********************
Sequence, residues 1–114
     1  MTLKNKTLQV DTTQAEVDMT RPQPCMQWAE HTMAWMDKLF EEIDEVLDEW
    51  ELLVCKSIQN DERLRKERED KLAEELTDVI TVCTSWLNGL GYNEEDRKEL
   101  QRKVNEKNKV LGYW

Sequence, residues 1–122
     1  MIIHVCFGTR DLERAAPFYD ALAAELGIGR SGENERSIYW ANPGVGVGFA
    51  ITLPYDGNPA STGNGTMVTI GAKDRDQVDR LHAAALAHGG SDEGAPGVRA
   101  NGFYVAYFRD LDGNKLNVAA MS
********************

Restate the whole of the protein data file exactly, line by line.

Sequence, residues 1–114
     1  MTLKNKTLQV DTTQAEVDMT RPQPCMQWAE HTMAWMDKLF EEIDEVLDEW
    51  ELLVCKSIQN DERLRKERED KLAEELTDVI TVCTSWLNGL GYNEEDRKEL
   101  QRKVNEKNKV LGYW

Sequence, residues 1–122
     1  MIIHVCFGTR DLERAAPFYD ALAAELGIGR SGENERSIYW ANPGVGVGFA
    51  ITLPYDGNPA STGNGTMVTI GAKDRDQVDR LHAAALAHGG SDEGAPGVRA
   101  NGFYVAYFRD LDGNKLNVAA MS